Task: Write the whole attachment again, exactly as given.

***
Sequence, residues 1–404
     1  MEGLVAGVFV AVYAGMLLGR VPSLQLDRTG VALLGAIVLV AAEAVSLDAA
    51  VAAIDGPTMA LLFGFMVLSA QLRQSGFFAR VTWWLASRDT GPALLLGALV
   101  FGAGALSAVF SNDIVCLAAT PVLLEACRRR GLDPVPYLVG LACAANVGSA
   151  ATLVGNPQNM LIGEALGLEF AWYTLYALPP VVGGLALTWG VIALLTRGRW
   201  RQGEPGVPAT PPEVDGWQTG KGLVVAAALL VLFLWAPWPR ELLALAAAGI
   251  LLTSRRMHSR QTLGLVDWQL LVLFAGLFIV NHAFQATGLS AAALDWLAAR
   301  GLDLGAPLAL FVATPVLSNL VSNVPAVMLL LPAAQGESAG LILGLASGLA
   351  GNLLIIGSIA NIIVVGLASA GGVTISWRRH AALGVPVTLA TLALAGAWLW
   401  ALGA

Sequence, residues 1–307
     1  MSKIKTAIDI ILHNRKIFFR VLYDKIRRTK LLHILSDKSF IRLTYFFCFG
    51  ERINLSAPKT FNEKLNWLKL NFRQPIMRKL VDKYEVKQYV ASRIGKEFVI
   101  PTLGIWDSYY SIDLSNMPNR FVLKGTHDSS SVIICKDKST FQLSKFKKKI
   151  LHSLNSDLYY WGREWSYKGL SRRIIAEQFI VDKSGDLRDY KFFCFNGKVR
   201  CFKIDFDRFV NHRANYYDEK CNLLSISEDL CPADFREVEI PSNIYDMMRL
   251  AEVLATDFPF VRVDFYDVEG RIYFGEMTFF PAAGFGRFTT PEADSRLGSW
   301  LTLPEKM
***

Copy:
Sequence, residues 1–404
     1  MEGLVAGVFV AVYAGMLLGR VPSLQLDRTG VALLGAIVLV AAEAVSLDAA
    51  VAAIDGPTMA LLFGFMVLSA QLRQSGFFAR VTWWLASRDT GPALLLGALV
   101  FGAGALSAVF SNDIVCLAAT PVLLEACRRR GLDPVPYLVG LACAANVGSA
   151  ATLVGNPQNM LIGEALGLEF AWYTLYALPP VVGGLALTWG VIALLTRGRW
   201  RQGEPGVPAT PPEVDGWQTG KGLVVAAALL VLFLWAPWPR ELLALAAAGI
   251  LLTSRRMHSR QTLGLVDWQL LVLFAGLFIV NHAFQATGLS AAALDWLAAR
   301  GLDLGAPLAL FVATPVLSNL VSNVPAVMLL LPAAQGESAG LILGLASGLA
   351  GNLLIIGSIA NIIVVGLASA GGVTISWRRH AALGVPVTLA TLALAGAWLW
   401  ALGA

Sequence, residues 1–307
     1  MSKIKTAIDI ILHNRKIFFR VLYDKIRRTK LLHILSDKSF IRLTYFFCFG
    51  ERINLSAPKT FNEKLNWLKL NFRQPIMRKL VDKYEVKQYV ASRIGKEFVI
   101  PTLGIWDSYY SIDLSNMPNR FVLKGTHDSS SVIICKDKST FQLSKFKKKI
   151  LHSLNSDLYY WGREWSYKGL SRRIIAEQFI VDKSGDLRDY KFFCFNGKVR
   201  CFKIDFDRFV NHRANYYDEK CNLLSISEDL CPADFREVEI PSNIYDMMRL
   251  AEVLATDFPF VRVDFYDVEG RIYFGEMTFF PAAGFGRFTT PEADSRLGSW
   301  LTLPEKM